“Unlike the legal guarantee against adequacy, the legislation does not establish a criterion for the consumer to benefit from the contractual guarantee, which leads to many conflicts in the consumer relationship,” notes Amorim in the justification of the project. “In other words, the start of the countdown to the expiration period for the claim of the simple product inspection takes place after the termination of the contractual warranty,” Berger summarizes in the statement. If the new product causes problems after replacement, a new replacement may occur. In this case, the legal and contractual warranty period must be counted from the date of delivery of the new product. However, if you purchased the product directly from a company that does not have a representative office in Brazil, the law of the country in which the item was purchased applies. In these cases, Idec advises people to read the warranty conditions before purchasing the product. I bought a product – does it have a warranty? If I have a defect, can I change it? What happens if the purchase was made on the Internet? What happens if the product comes from another country? These are very common doubts of consumers, which have intensified with the increase in online shopping during the coronavirus pandemic. In 2020 alone, according to an Ebit/Nielsen survey in Brazil, 13 million people signed up for this modality. If the defective product is shipped for repair under the contractual warranty, IDEC recommends that you test the process before removing it and request the invoice with all the services provided.
The contractual guarantee, on the other hand, is offered by the manufacturer of durable goods and is therefore not provided for in the Consumer Code. In this modality, if the manufacturer offers a one-year warranty, the customer can make a claim up to one year after purchase. In addition, it also has the already granted 90-day guarantee for durable goods. The question of PLS 90/2012, drafted by Senator Eduardo Amorim (PSDB-SE), is the compatibility between the periods of legal guarantee and contractual guarantee. Since the CDC is omitted in this regard, the project intends to fill this gap by stipulating that the legal warranty period must be credited from the end of the contractual guarantee if it was purchased by the customer. As a consumer, you need to understand your rights when making a purchase and what to do if you receive a product that is damaged or does not match the information. With that in mind, we`ve prepared this warranty guide and clarified the questions about it. To exercise the legal guarantee, it is sufficient for the consumer to submit the complaint accompanied by proof of purchase within 30 days for non-durable services and products or 90 days for durable services and products.
The legal warranty is established by the Consumer Protection Code (CDC) and gives the person who made the purchase 30 days from receipt of the product to complain about problems if the product has a short shelf life (e.g. food) and 90 days if it has a shelf life (e.g. a refrigerator). The extended warranty is the one usually sold by the store or another company that has no relationship with the manufacturer. In most cases, a purchase has two types of guarantees, called legal and contractual. The legal guarantee is established by the Consumer Protection Code and refers to the manifestation of the consumer when he is faced with a problem with the product or service purchased. What not everyone knows is© that this guarantee complements© the one defined in the Consumer Protection Act. That is, it does not replace the legal guarantee. The extended warranty is agreed separately. This warranty term is in most cases provided by the store where you purchased the product or by an insurer. It is important to read the terms of the contract carefully before using this service in order to know the rights and obligations contained in the policy. Analysing the issue, the rapporteur, Senator Dário Berger (MDB-SC), noted that the intention of PLS 90/2012 is only to transpose into law the interpretation already consolidated by the Supreme Court (STJ).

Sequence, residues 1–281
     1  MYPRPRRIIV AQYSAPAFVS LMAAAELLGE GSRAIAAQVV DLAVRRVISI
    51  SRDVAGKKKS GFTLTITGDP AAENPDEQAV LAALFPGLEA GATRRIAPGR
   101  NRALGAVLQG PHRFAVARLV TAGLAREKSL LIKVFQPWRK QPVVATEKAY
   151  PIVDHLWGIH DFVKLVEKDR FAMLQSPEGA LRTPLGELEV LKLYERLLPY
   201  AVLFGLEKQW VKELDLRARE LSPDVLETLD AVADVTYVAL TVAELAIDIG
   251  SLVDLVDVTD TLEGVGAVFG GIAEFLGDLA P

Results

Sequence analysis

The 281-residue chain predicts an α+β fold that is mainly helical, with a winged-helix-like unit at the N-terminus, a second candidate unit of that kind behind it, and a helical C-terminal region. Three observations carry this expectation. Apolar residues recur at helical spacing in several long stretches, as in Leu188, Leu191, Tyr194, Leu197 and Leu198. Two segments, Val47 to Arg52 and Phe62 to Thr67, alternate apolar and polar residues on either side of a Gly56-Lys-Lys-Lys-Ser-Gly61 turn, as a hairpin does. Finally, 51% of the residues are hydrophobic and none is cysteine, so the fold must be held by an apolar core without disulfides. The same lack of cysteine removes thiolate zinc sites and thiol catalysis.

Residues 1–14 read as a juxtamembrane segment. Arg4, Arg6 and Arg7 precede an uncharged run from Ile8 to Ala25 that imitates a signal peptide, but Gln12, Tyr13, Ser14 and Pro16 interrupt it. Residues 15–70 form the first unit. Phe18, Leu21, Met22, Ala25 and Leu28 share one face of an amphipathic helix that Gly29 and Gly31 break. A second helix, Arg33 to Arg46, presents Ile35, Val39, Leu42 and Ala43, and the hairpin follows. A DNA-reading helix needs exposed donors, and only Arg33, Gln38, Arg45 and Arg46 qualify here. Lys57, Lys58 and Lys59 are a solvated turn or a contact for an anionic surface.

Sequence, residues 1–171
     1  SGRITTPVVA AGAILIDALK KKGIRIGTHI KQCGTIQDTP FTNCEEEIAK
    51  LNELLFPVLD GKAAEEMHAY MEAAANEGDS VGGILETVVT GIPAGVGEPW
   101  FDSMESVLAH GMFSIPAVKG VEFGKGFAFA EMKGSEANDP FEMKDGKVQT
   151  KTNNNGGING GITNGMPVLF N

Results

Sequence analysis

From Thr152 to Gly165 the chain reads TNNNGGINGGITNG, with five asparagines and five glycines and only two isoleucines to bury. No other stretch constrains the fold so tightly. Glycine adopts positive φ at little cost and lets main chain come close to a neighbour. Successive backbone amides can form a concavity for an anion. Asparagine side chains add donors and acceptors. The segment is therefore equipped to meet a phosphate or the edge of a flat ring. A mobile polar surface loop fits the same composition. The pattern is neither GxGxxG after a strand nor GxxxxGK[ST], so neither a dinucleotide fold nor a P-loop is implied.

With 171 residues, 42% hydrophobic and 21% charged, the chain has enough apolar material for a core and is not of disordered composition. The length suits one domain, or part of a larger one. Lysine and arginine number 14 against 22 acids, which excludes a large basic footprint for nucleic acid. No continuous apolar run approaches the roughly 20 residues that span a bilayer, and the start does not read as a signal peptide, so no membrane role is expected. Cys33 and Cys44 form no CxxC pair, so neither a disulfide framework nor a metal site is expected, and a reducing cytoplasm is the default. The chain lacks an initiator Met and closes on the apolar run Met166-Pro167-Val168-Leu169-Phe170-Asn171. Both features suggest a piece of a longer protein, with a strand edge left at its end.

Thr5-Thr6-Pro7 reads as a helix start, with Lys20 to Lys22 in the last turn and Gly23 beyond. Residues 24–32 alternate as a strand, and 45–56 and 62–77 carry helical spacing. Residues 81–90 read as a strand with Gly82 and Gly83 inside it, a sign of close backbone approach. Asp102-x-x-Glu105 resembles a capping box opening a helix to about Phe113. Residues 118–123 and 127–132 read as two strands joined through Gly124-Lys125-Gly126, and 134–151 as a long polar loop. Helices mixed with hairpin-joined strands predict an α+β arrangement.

According to the Court, the duration of the decadence does not run during the contractual guarantee period. If the problem found is such a species, which is displayed only after a certain period of use, the period begins to count from the moment of discovery of the defect. The contractual warranty is the one usually set by the manufacturer or supplier, and its duration is counted from the date of invoice. As we speak, the legal warranty provides 30 days of coverage for non-durable goods and 90 days for durable goods. Some dependencies are not obvious and therefore take longer to be noticed by the consumer. In this case, called hidden defect, the warranty begins to count from the presentation of the problem. However, if the defect is not as noticeable and occurs only after a certain time, you have the duration of the legal warranty, calculated from the moment the defect is discovered, to demand one of the alternatives provided for in the CDC. The extended warranty, usually offered by stores with terms such as “super warranty”, is partially contracted.
It is usually offered by another company that has nothing to do with the manufacturer and is insurance against product defects. First, this modality is provided by the CDC and provides a 30-day warranty for consumer goods and a 90-day warranty for durable goods.